Thomas More (50526)Посмотреть архив целиком
About Sir Thomas More
Thomas More rose from humble origins to achieve the highest political and judicial office of England, second only to that of the king. He was recognized throughout early sixteenth-century Europe as one of the great lawyers, Christian humanists, and classical scholars of his day. ,Even at a very early age, More gave clear evidence of his uncommon gifts. Because of this, a family friend successfully persuaded his father to allow him to attend Oxford University. More so enjoyed his studies there that his father became alarmed. Two years into the program, he decided that his son should learn something useful. Under what seems to have been considerable coercion, Thomas returned to London to study law at New Inn. Although this law program was among the best and most demanding in London, More found time to continue his study of Greek, philosophy, literature, and theology with such world-renowned teachers as Linacre, Grocyn, and Colet, as well as with the pious and learned Carthusians.
Meanwhile, More excelled at his legal studies at the New Inn. Once finished, he read through the law again at Lincoln's Inn for two more years, after which he was chosen as reader at Furnivall's Inn and reappointed for three successive years - a considerable honor for such a young man. During these years of studying and teaching, More continued an intense life of prayer, during which time he sought to discern his vocation in life. By the age of 25, More was convinced that his place was with city and family, not monastery and cell. At 26 he was elected to Parliament; at 27 he married Jane Colt and fathered four children in the next five years. Jane died when More was 33, leaving him with four young children during the height of his career as a lawyer. Despite his deep sorrow, he married again within one month for the sake of his children. He married the best woman he knew, Alice Middleton, who had neither his interests nor his playful temperament and who was six or seven years his senior. As Erasmus recounts, she was "neither a pearl nor a girl ... but a shrewd and careful housewife."He marvels that More's" life with her is as pleasant and agreeable as if she had all the charm of youth, and with his buoyant gaiety he wins her to more compliance than he could by severity."
With his gifts of intellectual genius and endearing wit plus his reputation for virtue, More was much sought after as a lawyer and diplomat. He was chosen, for example, by the London merchants to represent them on three major embassies to foreign countries. At the age of 32, he began his work as a judge, a position that made him well-known and loved among the general London citizenry.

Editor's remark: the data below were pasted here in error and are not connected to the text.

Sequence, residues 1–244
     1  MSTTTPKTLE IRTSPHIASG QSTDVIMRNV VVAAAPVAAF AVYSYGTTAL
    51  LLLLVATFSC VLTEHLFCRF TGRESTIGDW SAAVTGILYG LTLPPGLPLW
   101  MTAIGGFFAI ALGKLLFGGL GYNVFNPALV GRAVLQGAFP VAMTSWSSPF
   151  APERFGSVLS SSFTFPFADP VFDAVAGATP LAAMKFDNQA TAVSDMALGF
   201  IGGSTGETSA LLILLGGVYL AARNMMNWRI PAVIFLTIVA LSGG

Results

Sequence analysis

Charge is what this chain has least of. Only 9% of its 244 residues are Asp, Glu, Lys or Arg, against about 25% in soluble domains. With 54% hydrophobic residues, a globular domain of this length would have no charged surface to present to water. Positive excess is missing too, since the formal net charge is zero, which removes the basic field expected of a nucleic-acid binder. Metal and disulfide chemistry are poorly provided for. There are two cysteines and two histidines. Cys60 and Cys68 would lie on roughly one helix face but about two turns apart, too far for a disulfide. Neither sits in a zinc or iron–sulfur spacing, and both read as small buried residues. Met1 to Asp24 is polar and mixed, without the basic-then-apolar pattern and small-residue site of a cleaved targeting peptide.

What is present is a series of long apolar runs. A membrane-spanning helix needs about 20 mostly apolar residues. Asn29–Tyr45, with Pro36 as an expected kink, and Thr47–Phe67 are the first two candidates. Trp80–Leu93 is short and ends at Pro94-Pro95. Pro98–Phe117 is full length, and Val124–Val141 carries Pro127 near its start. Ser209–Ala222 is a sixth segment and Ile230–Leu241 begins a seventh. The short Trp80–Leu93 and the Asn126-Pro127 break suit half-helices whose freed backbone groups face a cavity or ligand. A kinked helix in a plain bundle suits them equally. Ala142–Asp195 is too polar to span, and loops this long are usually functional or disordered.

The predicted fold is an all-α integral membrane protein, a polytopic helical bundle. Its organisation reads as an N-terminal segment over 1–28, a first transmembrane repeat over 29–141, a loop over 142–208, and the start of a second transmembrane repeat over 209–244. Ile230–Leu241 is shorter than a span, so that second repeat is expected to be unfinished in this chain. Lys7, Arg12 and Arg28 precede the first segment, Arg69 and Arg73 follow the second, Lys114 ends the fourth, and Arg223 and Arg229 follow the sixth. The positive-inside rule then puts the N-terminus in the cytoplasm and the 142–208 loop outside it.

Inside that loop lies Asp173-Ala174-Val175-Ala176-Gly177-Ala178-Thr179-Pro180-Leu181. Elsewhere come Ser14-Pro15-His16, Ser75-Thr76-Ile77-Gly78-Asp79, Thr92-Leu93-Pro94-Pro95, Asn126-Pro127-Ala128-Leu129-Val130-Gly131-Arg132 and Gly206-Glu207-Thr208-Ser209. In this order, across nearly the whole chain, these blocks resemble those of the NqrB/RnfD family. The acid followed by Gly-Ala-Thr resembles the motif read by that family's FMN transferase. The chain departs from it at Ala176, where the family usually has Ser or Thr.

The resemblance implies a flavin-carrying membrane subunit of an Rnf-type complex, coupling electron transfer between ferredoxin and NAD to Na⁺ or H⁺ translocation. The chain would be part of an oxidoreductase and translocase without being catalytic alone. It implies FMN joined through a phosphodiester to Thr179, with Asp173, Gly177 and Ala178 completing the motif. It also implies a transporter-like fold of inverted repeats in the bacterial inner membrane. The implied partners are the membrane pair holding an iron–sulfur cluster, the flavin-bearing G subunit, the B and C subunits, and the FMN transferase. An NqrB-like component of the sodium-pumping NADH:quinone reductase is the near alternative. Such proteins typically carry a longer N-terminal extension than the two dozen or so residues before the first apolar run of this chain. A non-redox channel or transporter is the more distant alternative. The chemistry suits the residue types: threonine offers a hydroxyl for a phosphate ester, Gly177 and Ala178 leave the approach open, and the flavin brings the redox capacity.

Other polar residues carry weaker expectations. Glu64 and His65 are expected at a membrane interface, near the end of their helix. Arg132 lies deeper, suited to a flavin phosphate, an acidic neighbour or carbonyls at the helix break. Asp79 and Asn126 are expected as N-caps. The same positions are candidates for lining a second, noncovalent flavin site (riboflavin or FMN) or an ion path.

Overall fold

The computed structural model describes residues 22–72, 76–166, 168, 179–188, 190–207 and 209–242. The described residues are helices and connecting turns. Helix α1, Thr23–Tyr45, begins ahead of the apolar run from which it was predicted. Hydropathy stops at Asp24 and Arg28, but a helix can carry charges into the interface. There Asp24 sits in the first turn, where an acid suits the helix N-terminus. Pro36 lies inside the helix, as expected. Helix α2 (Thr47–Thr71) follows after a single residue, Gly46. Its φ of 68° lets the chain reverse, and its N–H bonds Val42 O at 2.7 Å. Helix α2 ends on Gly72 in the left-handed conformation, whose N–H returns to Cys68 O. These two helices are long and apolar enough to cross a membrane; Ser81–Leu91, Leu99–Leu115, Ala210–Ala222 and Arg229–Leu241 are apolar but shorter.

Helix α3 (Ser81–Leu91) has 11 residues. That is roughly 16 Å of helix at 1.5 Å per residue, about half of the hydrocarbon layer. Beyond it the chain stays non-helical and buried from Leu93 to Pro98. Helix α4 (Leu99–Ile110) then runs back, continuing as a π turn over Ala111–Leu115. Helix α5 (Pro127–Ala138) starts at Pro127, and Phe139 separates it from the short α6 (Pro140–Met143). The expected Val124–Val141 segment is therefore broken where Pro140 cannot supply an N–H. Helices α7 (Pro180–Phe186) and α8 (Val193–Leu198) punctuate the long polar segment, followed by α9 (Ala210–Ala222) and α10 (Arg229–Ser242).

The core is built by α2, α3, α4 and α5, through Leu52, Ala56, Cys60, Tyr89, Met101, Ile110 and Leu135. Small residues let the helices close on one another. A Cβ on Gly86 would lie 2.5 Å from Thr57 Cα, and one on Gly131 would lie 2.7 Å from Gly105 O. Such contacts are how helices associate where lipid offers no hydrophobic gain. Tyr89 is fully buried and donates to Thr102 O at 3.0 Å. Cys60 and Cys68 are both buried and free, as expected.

Throughout these years, More was also active in the areas of literature and philosophy. The Utopia, a work considered by some to be one of the finest Socratic dialogues of all time, has long been recognized as his masterpiece. After fifteen years of prosperous civic life, More was called to serve the King at court, a position he did not and would not seek out. Early on, he was well aware of the dangers of political life; he valued his freedom for family and writing, and he knew that giving up his lucrative law practice to enter public service would cost him a considerable portion of his income. Yet as a loyal citizen, More considered it the "duty of every good man" to contribute to the service of his country. Once in the King's service, More commanded Henry VIII's friendship and trust, serving primarily as his personal secretary, but with some administrative and diplomatic responsibilities. He rose steadily over the next ten years, finally becoming Chancellor in 1529, at the age of fifty- one. As Chancellor, More concentrated on two major tasks: (1) streamlining and improving the judicial system; (2) addressing and personally refuting errors which he considered seditious and destructive of both state and church. In fulfilling this latter task, he collected evidence which resulted in the execution of three persons. Although these executions have captured the imagination of many scholars today, More spent most of his working hours trying to fulfill his function as chief justice of the land. In the assessment of Tudor historian John Guy, More made substantial contributions in this area, reforming the legal system far more effectively than Cromwell would later, in his far reaching legislative reforms of the 1530s. More was Chancellor for only thirty-one months. He resigned on May 16, 1532, the day after Henry VIII and Cromwell manipulated the Parliament to take away the traditional freedom of the Church, a freedom that had been written into English law since the Magna Carta. At issue was the survival of the Church as well as the nature of law and the scope of the state's legitimate authority. Imprisoned in the Tower of London for fifteen months before his execution, More was heavily pressured by his family and friends to sign the oath accepting Henry VIII as the Supreme Head of the Church in England. More steadfastly refused but never expressed animosity towards those who complied. During this time, he wrote a number of devotional and exegetical works, including A Dialogue of Comfort Against Tribulation, A Treatise on the Passion, and The Sadness of Christ. That More was God's servant first and foremost was readily seen in his life of prayer and penance. From the time he was a young man, More started each day with private prayer, spiritual reading, and Mass, regardless of his many duties. He lived demanding mortifications in his characteristically discreet and merry manner. He generously cared for the poor and needy, and involved his own children in this same work. He had special devotion to the Blessed Sacrament, to frequent meditation on the Passion, and to the rosary. More was executed on July 6, 1535, and canonized on May 19, 1935. He has become a symbol of professional integrity, famous for the balanced judgment, ever-present humor, and undaunted courage that led him to be known, even in his own lifetime, as the "man for all seasons.